FAQ: Questions about Out-of-State Licenses

How can counselors licensed in other states qualify for the LPCC in California?

The board may issue a license to counselors who have held for at least two years, a valid license as a professional counselor, which allows the applicant to independently provide clinical mental health services in another jurisdiction of the United States, if their education and supervised experience qualifications are substantially equivalent to the requirements for LPCCs in California.

Counselors, who have not been licensed for at least two years in another state, will be required to gain a minimum of 250 hours of supervised clinical experience in direct counseling within California, after registering with the Board as an intern. View a summary of requirements for Out-of-State Licensees.

Out-of-state counselors must take an 18-contact-hour continuing education course on California law and ethics and they must pass the examinations required for licensure in California. These examinations are the National Clinical Mental Health Counselor Examination (NCMHCE) and the California LPCC Law and Ethics Exam.

Is it better for counselors licensed in other states to apply through the Grandparenting Path or through the Traditional Path for counselors licensed out of state?

The deadline for grandparenting applications was December 31, 2011.

Licensed Professional Counselors can select the option that is best for them.

Education: The education requirements are similar for both paths. Grandparenting applicants must have 7 of 9 core courses within their degrees, although grandparenting applicants with degrees granted before 1996 may have only 6 of the 9 core courses within their degrees. See Licensing during Grandparenting Requirements.  For the Traditional Path, the Board has discretion to accept education of counselors licensed in another state, if it is substantially equivalent to California's requirements.  As explained below, the Board may allow these counselors to make up more courses that were not contained within their qualifying degree.  Applicants for either path must complete all 9 core areas before they can be licensed in California.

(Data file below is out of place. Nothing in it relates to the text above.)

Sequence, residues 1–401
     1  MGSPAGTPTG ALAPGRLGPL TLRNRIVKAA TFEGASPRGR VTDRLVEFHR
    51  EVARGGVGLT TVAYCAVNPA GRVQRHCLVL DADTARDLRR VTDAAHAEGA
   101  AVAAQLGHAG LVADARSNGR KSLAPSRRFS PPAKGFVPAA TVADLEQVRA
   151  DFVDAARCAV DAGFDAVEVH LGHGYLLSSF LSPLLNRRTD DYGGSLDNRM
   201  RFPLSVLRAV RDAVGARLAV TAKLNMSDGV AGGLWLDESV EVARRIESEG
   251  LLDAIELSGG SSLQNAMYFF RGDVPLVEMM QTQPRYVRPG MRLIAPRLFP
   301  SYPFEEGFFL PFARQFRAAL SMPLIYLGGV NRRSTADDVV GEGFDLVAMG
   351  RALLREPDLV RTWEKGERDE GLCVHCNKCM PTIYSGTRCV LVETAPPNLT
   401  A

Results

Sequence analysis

Update:  A recent opinion from the BBS attorney states that, because the Board has discretion to accept the education for licensed counselors from other jurisdictions, applicants who qualify for this path may make up more than two or three courses outside their degree, as long as the degree contains 6 credits of practicum/fieldwork and the counselor gained that degree while residing outside California.  These counselors would still need to complete all 9 core areas before they can be licensed in California.

Update:  Those with degrees from out-of-state must submit syllabi for the nine core content courses.  If the applicant has attempted and failed to obtain syllabi from the university, course descriptions from the university catalog may be submitted.  The Board will make the final determination on whether the course description is acceptable. Those with post-1983 degrees from a CACREP-accredited program do not need to submit syllabi, except for the course on diagnosis, since that course was not required in earlier years.  The university must complete the Degree Program Certification form found in the application.

Supervision: Applicants for grandparenting do not have to be supervised for 250 hours in California. They can submit documentation of 1,700 hours of post-degree supervision with their applications.  Counselors licensed in another state, who have not been licensed for at least two years, will need to register as an intern with the Board of Behavioral Sciences for 250 hours of supervision within California. 

Examination: Applicants for grandparenting are required to have a passing score on the NCE or the CRCE, the NCMHCE, and the California Law and Ethics Exam.  Grandparenting applicants, who have not already passed the NCE or the NCMHCE must have approval of their application for licensure eligibility before they can take these exams, as well as the CA Law & Ethics Exam. All requirements, including exams, must be completed by the end of the 12 months applicants are allowed to complete any deficiencies, so they have a shorter time period in which to pass all the examinations.

Counselors licensed out of state, who take the Traditional Path, must pass the California LPCC Law & Ethics Exam and the National Clinical Mental Health Counselor Examination (NCMHCE). They do not need to pass the NCE.  These applicants cannot sit for the California examinations until their education and supervision have been accepted, and they must pass the Law and Ethics Exam before they can sit for the NCMHCE.  These applicants do not face a strict deadline for successfully completing these examinations, but they must attempt an exam at least once a year until all required exams have been passed.  If they have already passed the NCMHCE, they do not need to re-take it.


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